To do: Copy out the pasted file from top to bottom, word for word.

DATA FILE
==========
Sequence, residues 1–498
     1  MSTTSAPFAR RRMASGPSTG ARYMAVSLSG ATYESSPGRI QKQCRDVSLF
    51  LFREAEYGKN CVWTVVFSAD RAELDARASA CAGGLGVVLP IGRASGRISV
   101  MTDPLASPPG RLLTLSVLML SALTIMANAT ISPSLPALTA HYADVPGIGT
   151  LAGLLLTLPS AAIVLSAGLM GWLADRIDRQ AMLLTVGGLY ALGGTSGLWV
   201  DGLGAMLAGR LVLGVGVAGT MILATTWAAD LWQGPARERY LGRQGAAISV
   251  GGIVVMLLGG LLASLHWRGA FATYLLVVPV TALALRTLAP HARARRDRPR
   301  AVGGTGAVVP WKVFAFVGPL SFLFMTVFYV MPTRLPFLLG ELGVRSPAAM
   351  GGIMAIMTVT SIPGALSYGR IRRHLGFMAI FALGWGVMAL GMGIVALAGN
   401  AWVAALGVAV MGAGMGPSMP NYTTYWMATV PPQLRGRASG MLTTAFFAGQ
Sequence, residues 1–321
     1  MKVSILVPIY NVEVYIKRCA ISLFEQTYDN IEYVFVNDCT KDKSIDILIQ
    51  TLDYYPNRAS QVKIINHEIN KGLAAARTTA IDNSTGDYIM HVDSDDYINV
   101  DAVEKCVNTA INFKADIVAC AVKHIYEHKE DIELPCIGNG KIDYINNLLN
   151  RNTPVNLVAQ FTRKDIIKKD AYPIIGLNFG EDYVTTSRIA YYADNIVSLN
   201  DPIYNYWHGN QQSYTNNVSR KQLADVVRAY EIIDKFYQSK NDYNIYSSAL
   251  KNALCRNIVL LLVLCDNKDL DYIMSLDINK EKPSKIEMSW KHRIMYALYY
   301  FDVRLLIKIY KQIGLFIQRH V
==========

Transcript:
Sequence, residues 1–498
     1  MSTTSAPFAR RRMASGPSTG ARYMAVSLSG ATYESSPGRI QKQCRDVSLF
    51  LFREAEYGKN CVWTVVFSAD RAELDARASA CAGGLGVVLP IGRASGRISV
   101  MTDPLASPPG RLLTLSVLML SALTIMANAT ISPSLPALTA HYADVPGIGT
   151  LAGLLLTLPS AAIVLSAGLM GWLADRIDRQ AMLLTVGGLY ALGGTSGLWV
   201  DGLGAMLAGR LVLGVGVAGT MILATTWAAD LWQGPARERY LGRQGAAISV
   251  GGIVVMLLGG LLASLHWRGA FATYLLVVPV TALALRTLAP HARARRDRPR
   301  AVGGTGAVVP WKVFAFVGPL SFLFMTVFYV MPTRLPFLLG ELGVRSPAAM
   351  GGIMAIMTVT SIPGALSYGR IRRHLGFMAI FALGWGVMAL GMGIVALAGN
   401  AWVAALGVAV MGAGMGPSMP NYTTYWMATV PPQLRGRASG MLTTAFFAGQ
Sequence, residues 1–321
     1  MKVSILVPIY NVEVYIKRCA ISLFEQTYDN IEYVFVNDCT KDKSIDILIQ
    51  TLDYYPNRAS QVKIINHEIN KGLAAARTTA IDNSTGDYIM HVDSDDYINV
   101  DAVEKCVNTA INFKADIVAC AVKHIYEHKE DIELPCIGNG KIDYINNLLN
   151  RNTPVNLVAQ FTRKDIIKKD AYPIIGLNFG EDYVTTSRIA YYADNIVSLN
   201  DPIYNYWHGN QQSYTNNVSR KQLADVVRAY EIIDKFYQSK NDYNIYSSAL
   251  KNALCRNIVL LLVLCDNKDL DYIMSLDINK EKPSKIEMSW KHRIMYALYY
   301  FDVRLLIKIY KQIGLFIQRH V